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Weyauwega students learn local history

Historical society takes trunk show to school

By Angie Landsverk

Weyauwega Elementary fourth graders learned about some of the community’s history during a May 13 program.

“We’re having a trunk show today,” said Mary Jane Baehman, president of the Weyauwega Area Historical Society.

The historical society brought numerous items to the high school’s Performing Arts Center for the program.

“It’s exciting that we have the Weyauwega Area Historical Society here with us, in our building, to share a little bit of history, history of the community,” said Elementary Principal John Ohlson.

Fourth-grade students learn about Wisconsin’s history.

The historical society program focused on Weyauwega’s history.

“The trunk in front of you has some surprises in it,” Baehman told the students.

Throughout the program, she pulled items out of it, including old telephones.

The trunk also has a story.

Patty Barber recently donated it to the historical society after her mother Hazel (Plowman) Molenda passed away.

Molenda inherited the trunk, which came to the United States in 1885 on a ship when her ancestors left Nuremberg, Germany.

She wanted the historical society to have the trunk.

“She’d be happy to know it’s being used today,” said Baehman.

Baehman told the students that Weyauwega became a village in 1856 and asked them to imagine what it was like around that time.

Mill Street was Weyauwega’s “Main Street” back then, she said.

“It’s because water was the main form of transportation,” Baehman said.

Supplies came down either the Wolf River or the Tomorrow/Waupaca River, she explained.

Passenger trains once traveled through Weyauwega.

Everyday life in early Weyauwega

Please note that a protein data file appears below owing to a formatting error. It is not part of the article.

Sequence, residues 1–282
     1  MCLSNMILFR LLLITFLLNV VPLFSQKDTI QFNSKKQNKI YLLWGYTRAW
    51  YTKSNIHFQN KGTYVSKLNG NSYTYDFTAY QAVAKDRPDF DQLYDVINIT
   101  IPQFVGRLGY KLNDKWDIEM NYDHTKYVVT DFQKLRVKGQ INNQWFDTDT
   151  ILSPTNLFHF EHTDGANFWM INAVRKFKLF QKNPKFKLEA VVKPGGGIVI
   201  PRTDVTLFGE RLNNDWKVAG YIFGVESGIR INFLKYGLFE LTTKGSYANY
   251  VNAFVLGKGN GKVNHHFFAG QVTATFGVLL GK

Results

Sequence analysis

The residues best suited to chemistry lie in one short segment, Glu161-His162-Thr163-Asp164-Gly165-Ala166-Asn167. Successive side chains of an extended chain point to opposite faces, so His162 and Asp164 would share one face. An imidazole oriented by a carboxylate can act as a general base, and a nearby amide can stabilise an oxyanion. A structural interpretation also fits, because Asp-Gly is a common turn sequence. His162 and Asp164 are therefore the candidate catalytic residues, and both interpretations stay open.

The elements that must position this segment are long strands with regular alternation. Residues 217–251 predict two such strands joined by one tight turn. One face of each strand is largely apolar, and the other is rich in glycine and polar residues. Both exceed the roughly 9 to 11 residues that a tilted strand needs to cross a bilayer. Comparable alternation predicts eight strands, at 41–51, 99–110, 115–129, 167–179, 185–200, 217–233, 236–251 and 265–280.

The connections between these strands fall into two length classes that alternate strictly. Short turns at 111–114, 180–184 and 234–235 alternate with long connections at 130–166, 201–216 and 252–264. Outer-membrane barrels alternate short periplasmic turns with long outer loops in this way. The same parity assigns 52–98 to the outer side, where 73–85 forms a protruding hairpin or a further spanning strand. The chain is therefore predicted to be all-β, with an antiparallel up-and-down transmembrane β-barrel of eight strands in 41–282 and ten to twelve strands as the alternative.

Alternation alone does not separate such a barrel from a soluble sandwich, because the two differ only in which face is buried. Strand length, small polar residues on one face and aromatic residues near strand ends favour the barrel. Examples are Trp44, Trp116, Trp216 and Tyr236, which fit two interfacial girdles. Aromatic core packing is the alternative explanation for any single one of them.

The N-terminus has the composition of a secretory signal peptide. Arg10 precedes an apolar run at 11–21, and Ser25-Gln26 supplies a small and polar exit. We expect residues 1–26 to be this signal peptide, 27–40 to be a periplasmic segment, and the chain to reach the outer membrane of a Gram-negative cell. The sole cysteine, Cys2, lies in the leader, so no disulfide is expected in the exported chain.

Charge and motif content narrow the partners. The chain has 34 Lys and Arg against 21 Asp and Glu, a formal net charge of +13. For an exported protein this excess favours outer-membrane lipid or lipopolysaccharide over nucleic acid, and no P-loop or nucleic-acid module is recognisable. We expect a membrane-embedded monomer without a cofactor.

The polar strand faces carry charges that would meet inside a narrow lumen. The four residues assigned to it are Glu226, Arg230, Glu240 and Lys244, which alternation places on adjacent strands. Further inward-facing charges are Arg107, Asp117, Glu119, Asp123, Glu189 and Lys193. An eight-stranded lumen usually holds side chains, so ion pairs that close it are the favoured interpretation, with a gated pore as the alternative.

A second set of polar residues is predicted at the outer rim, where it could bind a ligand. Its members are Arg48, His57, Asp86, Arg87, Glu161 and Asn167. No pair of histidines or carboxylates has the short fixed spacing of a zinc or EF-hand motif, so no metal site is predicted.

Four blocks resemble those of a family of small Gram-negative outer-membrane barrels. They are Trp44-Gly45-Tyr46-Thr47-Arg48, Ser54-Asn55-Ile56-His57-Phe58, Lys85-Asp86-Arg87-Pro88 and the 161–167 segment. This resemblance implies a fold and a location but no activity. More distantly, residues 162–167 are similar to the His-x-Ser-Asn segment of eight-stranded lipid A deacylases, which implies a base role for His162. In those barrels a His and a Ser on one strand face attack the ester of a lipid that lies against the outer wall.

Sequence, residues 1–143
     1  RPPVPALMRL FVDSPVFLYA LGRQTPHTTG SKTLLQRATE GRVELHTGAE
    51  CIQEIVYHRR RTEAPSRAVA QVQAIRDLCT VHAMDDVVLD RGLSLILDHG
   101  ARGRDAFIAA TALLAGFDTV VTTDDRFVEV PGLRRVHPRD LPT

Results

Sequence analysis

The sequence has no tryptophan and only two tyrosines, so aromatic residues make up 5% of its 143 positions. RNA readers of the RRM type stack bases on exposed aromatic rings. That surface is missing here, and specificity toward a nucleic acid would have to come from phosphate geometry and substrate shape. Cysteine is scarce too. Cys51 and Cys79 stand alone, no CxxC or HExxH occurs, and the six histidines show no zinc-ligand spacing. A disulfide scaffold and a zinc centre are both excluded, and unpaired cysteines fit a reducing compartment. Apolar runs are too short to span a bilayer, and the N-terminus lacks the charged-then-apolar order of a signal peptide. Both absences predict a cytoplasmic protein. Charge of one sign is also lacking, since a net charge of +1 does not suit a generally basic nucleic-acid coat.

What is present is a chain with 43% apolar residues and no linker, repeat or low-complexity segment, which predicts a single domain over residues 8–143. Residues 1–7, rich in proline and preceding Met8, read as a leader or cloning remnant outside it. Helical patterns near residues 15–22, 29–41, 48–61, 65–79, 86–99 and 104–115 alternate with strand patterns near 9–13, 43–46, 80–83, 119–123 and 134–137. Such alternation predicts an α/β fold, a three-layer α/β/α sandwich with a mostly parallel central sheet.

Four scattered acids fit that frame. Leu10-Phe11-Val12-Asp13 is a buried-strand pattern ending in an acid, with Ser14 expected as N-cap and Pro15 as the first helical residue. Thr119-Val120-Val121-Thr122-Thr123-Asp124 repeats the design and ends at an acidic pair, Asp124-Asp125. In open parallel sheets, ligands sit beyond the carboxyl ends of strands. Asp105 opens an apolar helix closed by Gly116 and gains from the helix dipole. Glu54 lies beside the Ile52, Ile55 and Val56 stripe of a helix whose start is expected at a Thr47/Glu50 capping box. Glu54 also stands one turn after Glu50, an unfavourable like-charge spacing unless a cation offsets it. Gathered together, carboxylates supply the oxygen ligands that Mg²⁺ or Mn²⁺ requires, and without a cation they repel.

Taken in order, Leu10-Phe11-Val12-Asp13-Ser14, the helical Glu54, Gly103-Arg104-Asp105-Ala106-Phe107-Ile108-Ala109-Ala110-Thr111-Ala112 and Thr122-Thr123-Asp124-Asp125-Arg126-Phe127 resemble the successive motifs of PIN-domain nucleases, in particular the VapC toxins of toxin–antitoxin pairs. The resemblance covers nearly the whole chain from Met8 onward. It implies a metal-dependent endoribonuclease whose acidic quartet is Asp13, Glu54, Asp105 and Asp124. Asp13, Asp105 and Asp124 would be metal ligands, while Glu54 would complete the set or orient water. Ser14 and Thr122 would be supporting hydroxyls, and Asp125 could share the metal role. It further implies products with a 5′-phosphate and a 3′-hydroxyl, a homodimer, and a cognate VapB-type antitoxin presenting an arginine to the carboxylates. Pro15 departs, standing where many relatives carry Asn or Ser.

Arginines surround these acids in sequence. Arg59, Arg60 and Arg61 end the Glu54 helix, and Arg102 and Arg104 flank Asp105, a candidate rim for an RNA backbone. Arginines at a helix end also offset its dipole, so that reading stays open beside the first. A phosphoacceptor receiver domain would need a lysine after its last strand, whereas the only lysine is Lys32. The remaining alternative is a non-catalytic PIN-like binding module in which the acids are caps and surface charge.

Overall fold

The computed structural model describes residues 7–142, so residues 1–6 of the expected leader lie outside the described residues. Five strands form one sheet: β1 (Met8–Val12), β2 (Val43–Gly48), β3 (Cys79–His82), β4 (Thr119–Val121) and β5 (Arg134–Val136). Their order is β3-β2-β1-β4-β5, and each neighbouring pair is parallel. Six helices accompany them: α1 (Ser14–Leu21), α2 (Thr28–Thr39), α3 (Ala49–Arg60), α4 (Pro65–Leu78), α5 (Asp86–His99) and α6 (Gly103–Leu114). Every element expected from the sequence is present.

Pat Ritchie told the students what life was like back then.

Dairies delivered milk in glass bottles.

Families bought bolts of fabric to make their clothes.

Mothers and daughters often wore dresses made out of the same fabric, she said.

With wood stoves used for baking, there was no way to regulate the temperature, Richie said.

That meant items being baked were checked often.

Betty Larson said farms were small.

Each milk can had the farmer’s number on it so dairies knew whose milk was coming in, she said.

Farmers sat on stools to milk their cows by hand, she said.

Marietta Paap told the students that when Weyauwega became a village, 60% of the animals that pulled the wagons or worked on the fields were oxen.

“They used them because they are good in the mud. Ox are strong,” she said. “Oxen gave way to horses and horses gave way to tractors.”

Cows and the dairy industry came after the land was cleared and animals could graze on the fields, Paap said.

The program also included Brad Leonhardt explaining how he figured out some of the history about the historic house he and his wife Margie bought on Mill Street.

He used the historical society’s “Weyauwega Remembers” book, old fire maps and more to learn about some of the people who once lived in it.

The house was built in 1850, and they began renovating it last June.

“Think about all the different skills you need to learn to fix up an old house, Leonhardt said.

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